Dr. Starkey: I thank the Secretary of State for those additional places. He knows that the youth unemployment level in Milton Keynes has gone up quite considerably during the recession. Can he assure me that he will maintain the September guarantee and the funding that goes with it, and that he will not be tempted to remove it too early simply in order to pay down the deficit?
Ed Balls: My hon. Friend's point is very important. In the pre-Budget report, the Chancellor of the Exchequer allowed us, for this year, next year and the year after, to ring-fence funding for Sure Start, for schools and for the school leavers guarantee, with rising funding in real terms, so that we can provide these extra places-a pledge that we will make and that the Conservatives refuse to match, because of their commitment to have cuts now to reduce the deficit.
May I give my hon. Friend a figure about her constituency that I know will be of interest to her? In Milton Keynes, youth unemployment among 18 to 24-year-olds exceeding six months now stands at 365 young people. That is a low number because of the new deal, the school leavers guarantee and the future jobs fund. The figure peaked in June 1985 at 1,285 young people-almost four times as many. That is what happens when one cuts spending and does not act to protect youth jobs.
Mr. Nigel Evans (Ribble Valley) (Con): Can I give the Secretary of State a figure, as well? Over the past 10 years, the number of people aged between 16 and 24 who are not in education or employment has risen by 150,000 to 750,000. In my constituency, H. J. Berry, the oldest chair-maker in Britain, has closed, with the loss of 85 jobs; the oldest shoe shop in Clitheroe, D. Lord & Son, has closed; and we have recently seen the closure of Kaydee bookshop, with a loss of jobs. Let us forget the September guarantee and have the May promise-that we will get off the backs of entrepreneurs and allow them to create jobs for young people and others alike.
Ed Balls: It is very important to protect and support entrepreneurs in creating more jobs for the future; there is a consensus on that on both sides of the House. I am proud of the fact that this year, compared with last year, the figures for young people not in education, employment or training have fallen for 16-year-olds, 17-year-olds and 18-year-olds, even in a recession. The reason for that is that, unlike the Conservatives, we will not forget the school leavers guarantee. We will fund the school leavers guarantee so that there is a college, school or apprenticeship place for every young person, not just some young people.
The Minister for Schools and Learners (Mr. Vernon Coaker): Primary school standards have improved significantly over the past 12 years, with 100,000 more children now leaving primary school secure in the basics than in 1997, and a 19 percentage points increase in pupils achieving the expected standard in English and maths. There is still more to do if every child is to succeed at primary school. That is why last December we launched the world-class primaries programme, which will support local authorities in helping to bring all primary schools up to the level of the best.
As a governor of a primary school-[Hon. Members: "Hear, hear!"] As a former governor, I should say, of a primary school- [ Interruption ] -and, indeed,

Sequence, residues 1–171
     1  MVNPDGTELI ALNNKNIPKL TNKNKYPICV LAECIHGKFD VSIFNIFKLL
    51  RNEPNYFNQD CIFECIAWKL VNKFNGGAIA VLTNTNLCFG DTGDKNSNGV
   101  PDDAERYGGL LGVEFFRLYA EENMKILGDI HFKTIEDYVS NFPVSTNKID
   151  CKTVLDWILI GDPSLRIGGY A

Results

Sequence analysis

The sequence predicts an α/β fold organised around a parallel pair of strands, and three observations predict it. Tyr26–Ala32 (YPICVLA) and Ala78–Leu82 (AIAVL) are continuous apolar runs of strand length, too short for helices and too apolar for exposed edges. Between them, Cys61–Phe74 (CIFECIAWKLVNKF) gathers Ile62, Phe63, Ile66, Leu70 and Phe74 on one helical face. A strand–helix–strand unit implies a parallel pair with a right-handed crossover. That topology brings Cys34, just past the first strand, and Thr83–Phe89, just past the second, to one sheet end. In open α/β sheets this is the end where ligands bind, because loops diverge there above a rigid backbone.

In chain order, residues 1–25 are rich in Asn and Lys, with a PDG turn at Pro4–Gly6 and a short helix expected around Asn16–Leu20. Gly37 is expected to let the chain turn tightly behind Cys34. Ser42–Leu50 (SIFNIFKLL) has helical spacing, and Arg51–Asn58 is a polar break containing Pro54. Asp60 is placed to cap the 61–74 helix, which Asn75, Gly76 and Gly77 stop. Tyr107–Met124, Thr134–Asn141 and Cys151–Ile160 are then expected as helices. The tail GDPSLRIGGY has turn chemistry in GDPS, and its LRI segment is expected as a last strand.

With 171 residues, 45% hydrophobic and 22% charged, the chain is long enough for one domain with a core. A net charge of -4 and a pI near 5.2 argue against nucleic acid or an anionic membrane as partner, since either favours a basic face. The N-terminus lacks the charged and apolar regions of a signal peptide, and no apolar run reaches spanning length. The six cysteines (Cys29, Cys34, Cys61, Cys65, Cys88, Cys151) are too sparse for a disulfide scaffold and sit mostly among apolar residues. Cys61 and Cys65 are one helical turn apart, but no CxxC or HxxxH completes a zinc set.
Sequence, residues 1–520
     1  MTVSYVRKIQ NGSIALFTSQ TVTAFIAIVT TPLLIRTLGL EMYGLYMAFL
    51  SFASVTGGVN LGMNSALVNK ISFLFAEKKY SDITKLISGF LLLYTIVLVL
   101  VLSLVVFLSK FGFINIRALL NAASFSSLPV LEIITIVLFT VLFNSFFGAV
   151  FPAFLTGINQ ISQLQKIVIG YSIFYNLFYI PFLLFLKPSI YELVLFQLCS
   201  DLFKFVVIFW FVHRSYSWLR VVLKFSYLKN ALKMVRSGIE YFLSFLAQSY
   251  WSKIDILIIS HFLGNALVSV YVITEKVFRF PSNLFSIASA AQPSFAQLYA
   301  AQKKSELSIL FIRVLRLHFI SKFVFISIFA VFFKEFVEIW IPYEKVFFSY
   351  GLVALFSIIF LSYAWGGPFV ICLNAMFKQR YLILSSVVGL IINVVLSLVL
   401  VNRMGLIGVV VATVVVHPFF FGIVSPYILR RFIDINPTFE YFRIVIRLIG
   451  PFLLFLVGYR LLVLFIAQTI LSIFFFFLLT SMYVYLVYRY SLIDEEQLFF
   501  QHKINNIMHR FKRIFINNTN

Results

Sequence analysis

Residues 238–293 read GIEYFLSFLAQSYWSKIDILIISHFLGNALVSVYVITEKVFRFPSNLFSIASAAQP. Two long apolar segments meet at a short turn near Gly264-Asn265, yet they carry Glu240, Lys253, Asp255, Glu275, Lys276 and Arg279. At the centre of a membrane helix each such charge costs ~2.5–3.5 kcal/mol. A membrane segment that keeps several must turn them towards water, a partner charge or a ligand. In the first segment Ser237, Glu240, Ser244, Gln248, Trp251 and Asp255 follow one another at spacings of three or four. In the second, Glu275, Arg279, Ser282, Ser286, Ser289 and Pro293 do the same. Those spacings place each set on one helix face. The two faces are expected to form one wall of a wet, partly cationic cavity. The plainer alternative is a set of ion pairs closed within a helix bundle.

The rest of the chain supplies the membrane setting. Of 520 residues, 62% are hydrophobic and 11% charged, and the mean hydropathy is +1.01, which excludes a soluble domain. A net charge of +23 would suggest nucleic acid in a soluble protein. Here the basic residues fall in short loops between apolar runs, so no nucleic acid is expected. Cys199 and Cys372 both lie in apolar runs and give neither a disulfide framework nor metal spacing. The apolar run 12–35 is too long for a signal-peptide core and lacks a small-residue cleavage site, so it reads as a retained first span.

a former pupil, I quite understand the urge of Ministers to interfere from the centre, given the lunacy of what has sometimes passed for education in primary schools. However, does the Minister understand that the sheer volume of initiatives and prescriptions is becoming part of the problem, and that is certainly what the profession is complaining about?
Mr. Coaker: One of the things that the Government are doing, as the hon. Gentleman will know, is to provide that from 2011 national strategies will have ended, with the money passed down to schools, including primary schools, to enable them to choose how best to spend that money within their own school. That will make a significant difference. As I said in a previous answer, one of the best initiatives-some initiatives are indeed better than others-in improving practice, whether or not it involves the primary school at which he was a governor, is to allow the sharing of best practice between schools that are achieving significantly better results than others to try to help and support those others to bring them up to the level that we all want.
Sir Gerald Kaufman (Manchester, Gorton) (Lab): Will my hon. Friend congratulate all the primary schools in my constituency on their excellent improved standards, much assisted by the reduction in class sizes brought about by the transfer of £2.25 million within the constituency from the Tories' assisted places scheme? Will he congratulate them also on the wonderful rebuilding that is taking place, for instance at St. Agnes Church of England primary school and the Acacias community school? All that is because of a Labour Government.
Mr. Coaker: I am happy to join my right hon. Friend in congratulating the head teachers and teaching staff in primary schools in his constituency, and all the teaching profession across the country, on the work that they are doing and have done to improve standards.
My right hon. Friend refers to class sizes, and I can inform the House that in 1997, 29 per cent. of pupils were in classes of more than 30. Now, just 2.1 per cent. are in unlawfully large classes, and the overall average is 26.2 pupils per class. That is a significant improvement as a result of this Government's investment.